The annex on the right is equally small. This time my only companion is an extremely angry young man. He moves with the agitation of a caged animal, at intervals thumping the wall and banging on the door. With each thump I nearly jump out of my skin. Trying to conceal my terror I use the odd calming word to try and subdue him, fearful that at any moment he could strike out. Then a split second of reality comes through, this is just a performance...but I am very much part of it.

For some reason during a moment in his quietness I run my finger along the paper rail to get a feel of the place. I'm searching for the negative energy in the wallpaper and deeper still in the bricks themselves. To my right on the ledge of the long thin window sits a framed notice with the address of the laundry. It reads: Gloucester St. Magdalene Asylum. To me the word Asylum congures up images of the old Lunatic Asylums. The state of mind I am in just then might well lead me to believe I'm in one such place. I am once again removed, leaving the agitated man to continue his ranting.

After the lady in charge moves the other two ladies to other rooms she then leads me into the large hallway. Immediately another young girl rushes towards me and hands me yet another steel bucket of white liquid. Her whisper is chilling - "Breast-milk". I'm almost certain that's what she said. Suddenly I'm aware of a voice reciting a litany of female names. This girl slowly paces up and down, sometimes looking at me but mostly moving in an almost hypnotic state while she continues with her narration. When it dawns on me that these are the names of the young girls and women who were imprisioned in this hellhole I begin to cry. Quiet sobs. She then says "Remember these four names". I repeat each one back to her. As the list becomes longer and longer the real sense of the terrible horror that took place in here hits me with the force of a wrecking ball. Tears roll down my cheeks as I am completely overcome with sadness.

Continuing her roll-call the girl walks over to a filing cabinet which I hadn't noticed just behind me. She pulls open the two top drawers then continues her pacing. While she is slightly out of sight I look into the top drawer. Horror grips me as I see the locks of hair pinned to pieces of cardboard. The lower drawer contains huge amounts of carbolic soap bars. I cry even more.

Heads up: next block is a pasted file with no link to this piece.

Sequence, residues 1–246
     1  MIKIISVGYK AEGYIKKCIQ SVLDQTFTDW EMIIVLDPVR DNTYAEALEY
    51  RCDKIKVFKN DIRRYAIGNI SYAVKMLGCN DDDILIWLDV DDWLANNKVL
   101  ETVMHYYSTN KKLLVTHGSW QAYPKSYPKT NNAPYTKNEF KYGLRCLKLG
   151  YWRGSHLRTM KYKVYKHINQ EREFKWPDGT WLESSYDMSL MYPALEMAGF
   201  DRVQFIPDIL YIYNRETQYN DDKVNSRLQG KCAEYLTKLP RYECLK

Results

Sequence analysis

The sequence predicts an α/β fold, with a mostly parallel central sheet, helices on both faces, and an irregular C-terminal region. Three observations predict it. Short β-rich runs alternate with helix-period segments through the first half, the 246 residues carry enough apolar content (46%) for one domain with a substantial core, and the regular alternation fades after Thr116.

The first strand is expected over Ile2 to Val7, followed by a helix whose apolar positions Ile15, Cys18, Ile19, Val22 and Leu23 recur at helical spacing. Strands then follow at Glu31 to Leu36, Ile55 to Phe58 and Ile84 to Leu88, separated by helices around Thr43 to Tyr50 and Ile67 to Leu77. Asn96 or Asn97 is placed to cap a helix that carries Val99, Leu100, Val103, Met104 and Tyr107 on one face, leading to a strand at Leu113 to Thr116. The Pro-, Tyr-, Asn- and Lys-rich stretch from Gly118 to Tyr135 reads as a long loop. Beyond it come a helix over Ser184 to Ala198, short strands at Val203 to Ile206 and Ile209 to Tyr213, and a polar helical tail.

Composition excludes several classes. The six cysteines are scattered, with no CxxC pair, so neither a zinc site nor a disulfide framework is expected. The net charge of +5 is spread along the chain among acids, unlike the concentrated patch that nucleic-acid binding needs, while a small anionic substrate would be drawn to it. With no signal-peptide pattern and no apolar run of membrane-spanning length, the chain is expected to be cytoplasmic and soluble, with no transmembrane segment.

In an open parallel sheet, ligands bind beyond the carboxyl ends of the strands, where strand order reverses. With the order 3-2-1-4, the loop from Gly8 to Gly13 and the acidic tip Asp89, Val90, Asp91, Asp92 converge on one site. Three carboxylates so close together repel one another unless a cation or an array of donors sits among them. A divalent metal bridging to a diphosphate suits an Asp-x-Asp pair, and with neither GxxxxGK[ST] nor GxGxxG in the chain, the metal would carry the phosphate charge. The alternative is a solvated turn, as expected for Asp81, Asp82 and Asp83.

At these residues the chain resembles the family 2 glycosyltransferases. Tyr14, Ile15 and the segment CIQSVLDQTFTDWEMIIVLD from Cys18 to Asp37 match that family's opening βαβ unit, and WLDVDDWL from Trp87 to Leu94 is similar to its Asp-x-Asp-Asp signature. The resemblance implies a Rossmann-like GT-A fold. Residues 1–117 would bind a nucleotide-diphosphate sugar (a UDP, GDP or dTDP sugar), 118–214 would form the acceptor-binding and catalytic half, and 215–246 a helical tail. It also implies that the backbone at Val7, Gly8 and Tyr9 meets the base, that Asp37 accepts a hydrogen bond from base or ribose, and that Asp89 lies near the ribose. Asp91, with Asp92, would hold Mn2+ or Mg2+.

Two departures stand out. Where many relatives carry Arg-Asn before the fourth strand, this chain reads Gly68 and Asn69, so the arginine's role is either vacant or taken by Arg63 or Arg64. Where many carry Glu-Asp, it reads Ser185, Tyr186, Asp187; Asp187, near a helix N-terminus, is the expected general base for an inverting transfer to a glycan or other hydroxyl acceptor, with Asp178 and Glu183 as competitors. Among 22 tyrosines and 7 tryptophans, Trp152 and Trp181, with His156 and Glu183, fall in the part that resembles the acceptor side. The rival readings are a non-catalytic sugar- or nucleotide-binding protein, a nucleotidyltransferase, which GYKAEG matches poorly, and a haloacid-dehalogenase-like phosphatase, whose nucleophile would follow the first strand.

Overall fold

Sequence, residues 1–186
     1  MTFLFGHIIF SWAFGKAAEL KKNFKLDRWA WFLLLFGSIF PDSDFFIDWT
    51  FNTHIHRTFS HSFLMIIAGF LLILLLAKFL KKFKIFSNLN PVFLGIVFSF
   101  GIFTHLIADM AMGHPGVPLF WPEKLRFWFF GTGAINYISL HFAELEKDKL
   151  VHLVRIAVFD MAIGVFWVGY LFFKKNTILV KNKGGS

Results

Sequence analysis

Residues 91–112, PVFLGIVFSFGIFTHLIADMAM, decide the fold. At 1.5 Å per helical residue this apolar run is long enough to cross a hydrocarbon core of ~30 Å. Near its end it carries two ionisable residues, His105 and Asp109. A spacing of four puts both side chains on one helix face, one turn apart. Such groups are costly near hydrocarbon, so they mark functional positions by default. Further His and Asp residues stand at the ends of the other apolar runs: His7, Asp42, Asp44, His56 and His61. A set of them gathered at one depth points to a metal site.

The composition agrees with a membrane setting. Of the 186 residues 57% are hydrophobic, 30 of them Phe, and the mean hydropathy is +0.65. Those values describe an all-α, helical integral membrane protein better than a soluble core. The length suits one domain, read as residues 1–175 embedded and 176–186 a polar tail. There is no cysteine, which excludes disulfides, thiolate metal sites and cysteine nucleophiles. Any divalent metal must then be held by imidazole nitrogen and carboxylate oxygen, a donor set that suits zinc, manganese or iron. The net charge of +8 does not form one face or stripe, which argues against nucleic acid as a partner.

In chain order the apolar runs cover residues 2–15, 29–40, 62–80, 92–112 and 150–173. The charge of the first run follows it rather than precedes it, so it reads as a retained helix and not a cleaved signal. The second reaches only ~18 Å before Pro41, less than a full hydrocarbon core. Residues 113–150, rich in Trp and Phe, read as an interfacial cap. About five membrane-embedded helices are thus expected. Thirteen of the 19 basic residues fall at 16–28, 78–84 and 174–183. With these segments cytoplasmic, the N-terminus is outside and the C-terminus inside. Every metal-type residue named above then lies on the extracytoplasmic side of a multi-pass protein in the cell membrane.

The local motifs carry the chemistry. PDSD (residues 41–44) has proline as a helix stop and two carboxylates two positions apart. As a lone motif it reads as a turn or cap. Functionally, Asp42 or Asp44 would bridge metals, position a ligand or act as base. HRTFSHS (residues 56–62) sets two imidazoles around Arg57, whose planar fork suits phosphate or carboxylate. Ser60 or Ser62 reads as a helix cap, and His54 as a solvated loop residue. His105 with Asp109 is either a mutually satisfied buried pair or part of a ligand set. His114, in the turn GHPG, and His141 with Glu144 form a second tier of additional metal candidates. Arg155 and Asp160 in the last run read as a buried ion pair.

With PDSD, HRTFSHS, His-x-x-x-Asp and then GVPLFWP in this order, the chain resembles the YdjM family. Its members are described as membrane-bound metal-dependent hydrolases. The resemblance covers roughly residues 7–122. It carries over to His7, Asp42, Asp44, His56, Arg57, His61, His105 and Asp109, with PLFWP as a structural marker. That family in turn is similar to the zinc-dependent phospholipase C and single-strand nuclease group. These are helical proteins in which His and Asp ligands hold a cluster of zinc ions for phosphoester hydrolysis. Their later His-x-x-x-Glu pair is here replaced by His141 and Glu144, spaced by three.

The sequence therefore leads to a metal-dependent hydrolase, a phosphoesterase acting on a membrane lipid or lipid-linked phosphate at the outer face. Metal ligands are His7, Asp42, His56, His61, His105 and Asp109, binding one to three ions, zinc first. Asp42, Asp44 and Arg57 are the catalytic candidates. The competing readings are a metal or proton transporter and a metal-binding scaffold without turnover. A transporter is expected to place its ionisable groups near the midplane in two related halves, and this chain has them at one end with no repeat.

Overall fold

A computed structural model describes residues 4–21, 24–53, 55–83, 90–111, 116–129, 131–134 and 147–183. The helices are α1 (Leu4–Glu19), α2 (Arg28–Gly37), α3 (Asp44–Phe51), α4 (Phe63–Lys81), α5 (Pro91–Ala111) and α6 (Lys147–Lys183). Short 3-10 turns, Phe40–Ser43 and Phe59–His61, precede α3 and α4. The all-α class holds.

The next room that I'm shown into is the one that still haunts me two weeks later.......

Details of that vignette along with the remaining pieces will appear as continuous posts in order to prevent each post being too long.

Above images of the Magdalene Laundry taken by me prior to attending the performance.


Sunday, October 16, 2011

Suffer The Little Children - Irish Church Adoption Scandals

Ever since the time I was told I was adopted I've always longed to know my birth mother. (I will write about this in more detail at a later stage). I clearly remember that dark winter evening, the warm glow from the living-room fire grate softening the crushing words that were penetrating my small ears. I was not my Mammy and Daddy's little girl. They chose me from a small group of children being looked after in a home of some sort they said. My real Mammy had to give me up because I was "born out of wedlock" as it was always described, God's punishment to her for having me. That's what my little six year old brain had to try and take in that awful winter evening.

That story was repeated many times over in my lifetime while living with my adoptive parents, as if to firmly instil in me the sense of mortal sin associated with giving birth outside of marriage. Indeed, many's the time my father reminded me that if I ever came home pregnant I would be out the door with my suitcase before I could say Jack Robinson, whoever he is! When I asked where would I go he'd tell me, into one of the institutions they have for "people like that". I don't think my parents were much different from any others as that was the general thinking back in the 1950s, 60s and even 70s. Such sad times.

I was one of the lucky kiddies. Had I not been adopted at two and a half years of age I might well have ended up in one of the residential schools that were dotted all over the country. As it was, I spent some time in a north inner Dublin hostel for unmarried mothers in the Mother and Baby Unit with my birth mother before doing the rounds of foster families and spending five months with pancreatitis in St. Kevins, now St. James's Hospital. But as they say, it could have been so much worse.

So, this could just as well have been my own birth mother's heartbreaking story: "The Catholic Church Stole My Child" - see how lucky I am!

My next post will detail my reaction to attending Anu Productions' "Laundry" - a site-specific performance in the Magdalene Laundry at Lower Sean McDermott Street, Dublin.

Above image: Me, at around three years of age, shortly after my adoption.